Ecosystems thrive on a meticulous paradigm of checks and balances.
Species rein in one another. The "fittest" ones are ensured survival, but not absolute supremacy. The moment the stability of an ecosystem is threatened by an out-of-control entity within it, the other species try to resist the invasion until balance is restored.
In the absence of a credible political alternative to challenge the BJP's (and Narendra Modi's) mandate, talking the talk is good enough to remain in government.
Political ecosystems are not so different, especially democratic ones. The governments get voted in on a majority mandate in democracies, but it is the role of the political entities in the opposition to take governments to task and ensure transparency, accountability and merit of decision making and overall governance. Inadequate oppositions, however, tend to contribute to the imbalance of political ecosystems, turning them into semi-dictatorships.
The current Indian political climate is one such dwindling ecosystem, devoid of a credible opposition to challenge and counter the governance flaws of the heavily mandated ruling BJP. The Narendra Modi-led BJP dispensation at the Centre is by all political benchmarks a mediocre government at best. It talks the talk big time, yet it seldom walks the talk (in its entirety). And in the absence of a credible political alternative to challenge the BJP's (and Narendra Modi's) mandate in the Centre, talking the talk is good enough to remain in government.
So if India or Indians are feeling the pinch of some of the less thought through decisions made by the Modi government, the Congress and other opposition parties are equally to blame for these political debacles. For they let these things happen as a result of their inadequacies. When the opposition disrupts Parliament sessions, it deprives citizens of valuable time and opportunity to have matters of public importance debated by their elected representatives. More importantly, such shenanigans divert the focus from any potential underperformance of the government. Mudslinging merely for the sake of creating chaos—and headlines—is a gross disservice to the people of India.
India is haemorrhaging at various levels. Hostile neighbours are unrelenting in their attempts to harm the nation and its people. Internally, the situation in Kashmir has been simmering for months now. Communal tensions run thick through religiously polarised factions. Demonetisation has added another layer of inconvenience for ordinary Indians. And the much promised "acchhe din" seem more theoretical than ever.
As a good friend recently (and rightfully) educated me with his comment, "Yes, people are frustrated with Modi and the BJP, but what other alternative is there for them to elect and bring into power?"
The fact that Modi and BJP are getting away with half-baked, ill-implemented policies reflects more poorly on the opposition of the day than the government of the day.
So the choice that Indians are left with is to prefer the "lesser evil" out of them all. They feel they must stick with the BJP and Modi, even if they are aggrieved by their policies and performance, for the alternative remains bleak. And this should cover the Congress and all others in the opposition in a thick miasma of shame. Yet, they all remain defiant and unchanged in their approach and modus operandi.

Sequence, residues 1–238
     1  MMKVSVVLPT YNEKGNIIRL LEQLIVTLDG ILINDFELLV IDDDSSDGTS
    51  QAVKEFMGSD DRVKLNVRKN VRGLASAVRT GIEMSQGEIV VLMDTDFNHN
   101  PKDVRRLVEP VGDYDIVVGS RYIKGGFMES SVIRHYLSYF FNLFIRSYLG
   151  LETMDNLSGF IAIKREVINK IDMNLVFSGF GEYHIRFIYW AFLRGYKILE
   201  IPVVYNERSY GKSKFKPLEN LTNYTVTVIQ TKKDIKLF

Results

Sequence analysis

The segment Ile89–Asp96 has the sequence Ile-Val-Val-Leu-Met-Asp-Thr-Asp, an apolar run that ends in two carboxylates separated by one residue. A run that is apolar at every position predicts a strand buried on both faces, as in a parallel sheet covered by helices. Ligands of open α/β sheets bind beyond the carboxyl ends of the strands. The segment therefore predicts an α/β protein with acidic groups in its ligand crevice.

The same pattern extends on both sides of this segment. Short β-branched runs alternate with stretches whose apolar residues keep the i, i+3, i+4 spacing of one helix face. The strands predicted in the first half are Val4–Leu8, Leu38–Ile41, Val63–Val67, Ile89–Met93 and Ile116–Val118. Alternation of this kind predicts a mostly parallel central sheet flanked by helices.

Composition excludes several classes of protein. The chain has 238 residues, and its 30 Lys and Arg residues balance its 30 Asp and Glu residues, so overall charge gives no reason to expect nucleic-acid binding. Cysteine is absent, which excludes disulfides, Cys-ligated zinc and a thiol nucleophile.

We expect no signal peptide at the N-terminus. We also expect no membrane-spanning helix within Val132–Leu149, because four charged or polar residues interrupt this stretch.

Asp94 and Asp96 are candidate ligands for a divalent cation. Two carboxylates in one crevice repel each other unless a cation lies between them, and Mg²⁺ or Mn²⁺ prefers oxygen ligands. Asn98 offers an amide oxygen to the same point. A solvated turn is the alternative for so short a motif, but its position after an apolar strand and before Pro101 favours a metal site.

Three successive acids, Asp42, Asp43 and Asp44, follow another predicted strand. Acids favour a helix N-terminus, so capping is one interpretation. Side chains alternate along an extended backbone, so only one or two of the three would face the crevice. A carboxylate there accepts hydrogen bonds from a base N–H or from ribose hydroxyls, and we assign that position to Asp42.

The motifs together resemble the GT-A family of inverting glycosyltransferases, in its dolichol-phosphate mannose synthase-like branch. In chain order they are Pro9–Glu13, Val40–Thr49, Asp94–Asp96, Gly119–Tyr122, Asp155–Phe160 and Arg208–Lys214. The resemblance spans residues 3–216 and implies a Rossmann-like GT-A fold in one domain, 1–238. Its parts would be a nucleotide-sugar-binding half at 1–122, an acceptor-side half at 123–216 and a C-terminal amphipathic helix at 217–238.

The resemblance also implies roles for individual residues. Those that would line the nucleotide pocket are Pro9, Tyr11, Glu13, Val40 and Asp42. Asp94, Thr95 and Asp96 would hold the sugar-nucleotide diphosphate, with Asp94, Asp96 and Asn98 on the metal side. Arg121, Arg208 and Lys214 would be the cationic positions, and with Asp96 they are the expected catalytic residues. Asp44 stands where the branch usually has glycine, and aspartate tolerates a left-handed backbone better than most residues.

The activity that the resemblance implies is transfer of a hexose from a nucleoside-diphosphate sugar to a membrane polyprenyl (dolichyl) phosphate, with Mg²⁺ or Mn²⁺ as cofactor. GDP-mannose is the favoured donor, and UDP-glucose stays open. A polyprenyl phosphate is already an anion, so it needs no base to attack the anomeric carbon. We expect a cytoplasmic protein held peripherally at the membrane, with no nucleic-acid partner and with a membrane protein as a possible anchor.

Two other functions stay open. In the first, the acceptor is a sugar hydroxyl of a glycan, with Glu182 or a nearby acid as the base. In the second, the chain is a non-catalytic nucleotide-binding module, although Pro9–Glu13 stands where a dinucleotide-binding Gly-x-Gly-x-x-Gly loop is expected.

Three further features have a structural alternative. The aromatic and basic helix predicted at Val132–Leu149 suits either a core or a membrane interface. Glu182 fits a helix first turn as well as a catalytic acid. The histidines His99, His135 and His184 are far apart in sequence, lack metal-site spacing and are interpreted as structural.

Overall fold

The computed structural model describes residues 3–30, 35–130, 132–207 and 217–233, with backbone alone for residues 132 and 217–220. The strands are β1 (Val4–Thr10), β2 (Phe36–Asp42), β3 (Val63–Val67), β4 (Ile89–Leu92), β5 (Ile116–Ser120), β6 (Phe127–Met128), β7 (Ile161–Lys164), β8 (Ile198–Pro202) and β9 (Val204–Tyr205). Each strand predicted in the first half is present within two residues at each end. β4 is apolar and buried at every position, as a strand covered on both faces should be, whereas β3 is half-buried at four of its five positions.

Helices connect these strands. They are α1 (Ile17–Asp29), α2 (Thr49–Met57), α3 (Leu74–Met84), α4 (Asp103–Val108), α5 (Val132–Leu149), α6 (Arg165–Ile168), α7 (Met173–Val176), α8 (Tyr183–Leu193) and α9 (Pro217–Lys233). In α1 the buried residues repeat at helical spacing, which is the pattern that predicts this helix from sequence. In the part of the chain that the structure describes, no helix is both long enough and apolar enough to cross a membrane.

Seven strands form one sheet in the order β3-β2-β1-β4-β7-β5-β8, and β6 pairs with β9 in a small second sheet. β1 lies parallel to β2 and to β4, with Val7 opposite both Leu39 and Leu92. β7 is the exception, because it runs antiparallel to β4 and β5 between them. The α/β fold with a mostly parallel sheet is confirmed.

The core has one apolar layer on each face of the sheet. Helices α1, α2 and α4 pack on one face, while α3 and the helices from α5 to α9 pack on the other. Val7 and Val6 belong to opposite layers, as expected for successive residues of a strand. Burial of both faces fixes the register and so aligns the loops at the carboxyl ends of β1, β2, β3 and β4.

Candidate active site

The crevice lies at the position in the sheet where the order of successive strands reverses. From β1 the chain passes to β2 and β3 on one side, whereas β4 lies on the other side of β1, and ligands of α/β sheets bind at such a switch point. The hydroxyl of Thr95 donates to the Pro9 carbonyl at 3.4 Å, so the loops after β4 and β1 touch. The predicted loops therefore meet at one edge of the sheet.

Modi, the politician and the Prime Minister, is a savvy individual. That he is a good orator is no secret. So he capitalises on his inherent strength each time he reaches out to the people of India. Through a potent mix of oration and histrionics, he makes sure his "mann ki baat" resonates with the common people. Through his well-crafted messages, he drip feeds India with doses of tangible (albeit selective) successes by his government on matters of economic upliftment, citizen welfare, foreign policy and internal safety. In short, he keeps the promise of "acchhe din" alive, and real.
Most of the decisions made by Modi as a Prime Minister have been mere PR exercises (at best) on his part. The much talked about "chai" in Pakistan, the "surgical strikes" against Pakistan-based insurgents, and more recently, the demonetisation of ₹500 and ₹1000 notes to bring down the black economy. They are all matters that strike an emotional and a patriotic chord with many Indians.
Mudslinging merely for the sake of creating chaos is a gross disservice to the people... such shenanigans divert the focus from any potential underperformance of the government.
So, Modi and his government keep putting out "visual" signatures of their actions and intentions to overcome all the perils that have held back India over the years. Most of these decisions, if dissected closely enough by non-partisan experts, will reveal a lack of clear policy and planning. But Modi and the BJP have been able to get away with every single one of them because they have created enough buzz to have the entire nation raving about the PM's "bravado" and "charisma". This is the modern-day 140-character-bound Twitter version of government decision-making. Instantly gratifying.
To be fair to Modi, that is all he and his government really need to do in modern times to stay in power. Talking the talk is good enough for a country that elected Modi into power after getting frustrated with a party and a prime minister that refused to talk (quite literally).
The political opposition of India is tasked with questioning the decisions made by the ruling party to ensure that they have been well thought through and are intended to better the lot of citizens of the country. The fact that Modi and BJP are getting away with half-baked, ill-implemented policies, in my view, reflects more poorly on the opposition of the day than the government of the day.
The current Indian opposition parties are inadequate to dethrone the ruling BJP, and therefore, India and Indians will continue to put up with a substance-depleted Modi and the BJP.